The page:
MIAMI (AP) - Police searched for clues Wednesday in the fatal shooting of University of Miami lineman Bryan Pata, the latest shock to a Hurricanes team touched by tragedy and turmoil.
Pata, a popular figure on campus, practiced Tuesday afternoon and was shot about two hours later at his apartment complex. The 22-year-old senior who grew up in Miami was pronounced dead in the parking lot outside his apartment. His death was ruled a homicide, Miami-Dade police spokesman Roy Rutland said.
"My son had a problem with nobody," a tearful Jeanette Pata, the player's mother, told WTVJ-TV in Miami Tuesday night outside her son's apartment as she wore a replica Hurricanes jersey. "He's gone. He's gone."
Word of Pata's death spread quickly around campus, and grief counselors were summoned for his teammates. Another team meeting to discuss a memorial was scheduled for Wednesday, and no decision had been made about the status of Saturday afternoon's game against No. 23 Maryland.
This was the latest jolt to a Miami team that has dealt with another shooting this season and was part of a wild on-field brawl last month.
"We're trying to get through a hard time right now and it's going to take time," Miami quarterback Kirby Freeman told The Associated Press after a team meeting at the university's athletic complex. "And that's what being a close football family is all about. We're going to help each other with this."
School officials said coach Larry Coker was "numb" over the news. The athletic department released a statement urging anyone with information about Pata's death to call police.
"Bryan was a fine person and a great competitor. He will be forever missed by his coaches and teammates. We offer our thoughts and prayers to his family," the university said in its statement.
A moment of silence was held at Miami Central High, Pata's alma mater, Wednesday morning, said Anthony Saunders, his high school coach.
"He was a great kid. A well-mannered, well-disciplined kid," Saunders said. "It never seemed like he had any problems. Everything was always on track. He was going to the NFL and then he got shot in the head."
Atlantic Coast Conference commissioner John Swofford was aware of the situation and was to talk with Miami officials throughout the day, conference spokeswoman Amy Yakola said.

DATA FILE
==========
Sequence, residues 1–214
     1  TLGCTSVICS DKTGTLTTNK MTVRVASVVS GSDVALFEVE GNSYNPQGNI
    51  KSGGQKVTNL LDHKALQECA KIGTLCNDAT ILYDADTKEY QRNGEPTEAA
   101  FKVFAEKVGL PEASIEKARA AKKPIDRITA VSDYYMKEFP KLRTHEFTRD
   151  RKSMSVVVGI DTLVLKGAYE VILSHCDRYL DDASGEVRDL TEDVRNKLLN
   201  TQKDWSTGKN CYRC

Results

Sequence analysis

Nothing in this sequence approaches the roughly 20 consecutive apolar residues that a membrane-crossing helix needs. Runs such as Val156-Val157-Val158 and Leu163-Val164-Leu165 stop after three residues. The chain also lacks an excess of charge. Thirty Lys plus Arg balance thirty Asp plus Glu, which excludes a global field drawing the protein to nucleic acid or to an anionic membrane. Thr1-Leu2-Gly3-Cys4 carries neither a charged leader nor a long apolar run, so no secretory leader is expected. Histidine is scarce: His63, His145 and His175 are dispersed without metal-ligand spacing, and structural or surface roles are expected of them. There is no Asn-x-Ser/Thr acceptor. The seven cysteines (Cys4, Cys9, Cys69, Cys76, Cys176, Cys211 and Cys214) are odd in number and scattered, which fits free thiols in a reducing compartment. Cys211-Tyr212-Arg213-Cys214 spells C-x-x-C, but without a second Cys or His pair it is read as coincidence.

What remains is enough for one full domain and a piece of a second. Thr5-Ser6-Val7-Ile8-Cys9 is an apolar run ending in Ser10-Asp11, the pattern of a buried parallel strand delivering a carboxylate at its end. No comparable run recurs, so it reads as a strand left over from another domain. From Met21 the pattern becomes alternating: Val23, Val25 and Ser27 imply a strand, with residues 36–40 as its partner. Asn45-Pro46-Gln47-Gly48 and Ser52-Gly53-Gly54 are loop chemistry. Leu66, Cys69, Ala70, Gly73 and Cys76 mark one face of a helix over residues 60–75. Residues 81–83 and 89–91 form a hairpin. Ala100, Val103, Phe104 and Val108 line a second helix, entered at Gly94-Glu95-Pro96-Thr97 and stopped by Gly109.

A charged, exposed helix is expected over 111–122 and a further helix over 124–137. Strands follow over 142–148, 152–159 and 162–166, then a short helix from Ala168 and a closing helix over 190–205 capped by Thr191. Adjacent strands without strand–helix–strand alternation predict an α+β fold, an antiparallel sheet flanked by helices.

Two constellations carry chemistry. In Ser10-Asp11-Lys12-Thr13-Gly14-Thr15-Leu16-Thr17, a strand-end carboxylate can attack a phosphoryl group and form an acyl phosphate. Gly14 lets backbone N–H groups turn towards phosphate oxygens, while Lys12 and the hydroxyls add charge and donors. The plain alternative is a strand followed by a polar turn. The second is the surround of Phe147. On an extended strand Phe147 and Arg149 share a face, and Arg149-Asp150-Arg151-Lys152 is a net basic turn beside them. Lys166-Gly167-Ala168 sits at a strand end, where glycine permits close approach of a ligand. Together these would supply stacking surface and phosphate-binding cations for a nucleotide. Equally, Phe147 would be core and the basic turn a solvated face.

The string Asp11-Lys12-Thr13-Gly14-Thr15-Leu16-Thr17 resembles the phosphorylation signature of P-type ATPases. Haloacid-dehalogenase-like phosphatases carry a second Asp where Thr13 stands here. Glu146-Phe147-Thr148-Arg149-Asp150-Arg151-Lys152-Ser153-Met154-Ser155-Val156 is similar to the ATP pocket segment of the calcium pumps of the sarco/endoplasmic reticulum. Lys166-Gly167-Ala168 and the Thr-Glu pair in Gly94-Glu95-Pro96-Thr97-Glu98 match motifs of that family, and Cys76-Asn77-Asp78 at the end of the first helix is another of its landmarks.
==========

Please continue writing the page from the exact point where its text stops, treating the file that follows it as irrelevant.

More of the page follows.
Rutland said police were called at 7:30 p.m. to the scene and found Pata's body. He lived about 4 miles from campus. No motive was released, and Miami-Dade police did not say who made the 911 call after the shooting.
"Right now, we're just gathering ourselves and just trying to pull ourselves together," athletic director Paul Dee told the AP.
The 6-foot-4, 280-pound defensive lineman was in his fourth year with the Hurricanes and was expected to be selected in next spring's NFL draft. He appeared in 41 games, making 23 starts. Pata played primarily defensive tackle this season, totaling 13 tackles and two sacks.
"Pata was a guidance counselor, in a way, of our football team," Freeman said. "He wasn't the captain of the team, yet people would look to Pata for direction on the way things are going. He was definitely a great leader."
Pata was fierce on the field but somewhat soft-spoken off it.
"Everyone is just more surprised than anything else," said Annette Ponnock, Miami's student body president. "He's such a personality on campus. It was just really, really shocking to have such a loss. ... He was a big guy so it was kind of hard to miss him. He just had a presence about him."
In April 1996, reserve linebacker and Miami native Marlin Barnes was murdered in a campus apartment. And in 2003, former Miami safety Al Blades was killed in a car accident, about a year after former Miami linebacker Chris Campbell - who had just completed his eligibility with the Hurricanes - also died in a crash.
In July, reserve safety Willie Cooper was shot in the buttocks when confronted in his yard before morning workout. Cooper was not seriously injured. Brandon Meriweather, one of Cooper's teammates and roommates, returned fire at Cooper's assailant, taking three shots that apparently missed, police said.
Several Miami players, including Pata, said that was a robbery attempt and cautioned teammates to be aware of their surroundings.
"We're targets because we play for the University of Miami. ... These guys, they know who we are," Miami linebacker Jon Beason said shortly after the Cooper shooting.
That prompted Coker to say that he did not want his players to have guns, even if they possessed them legally.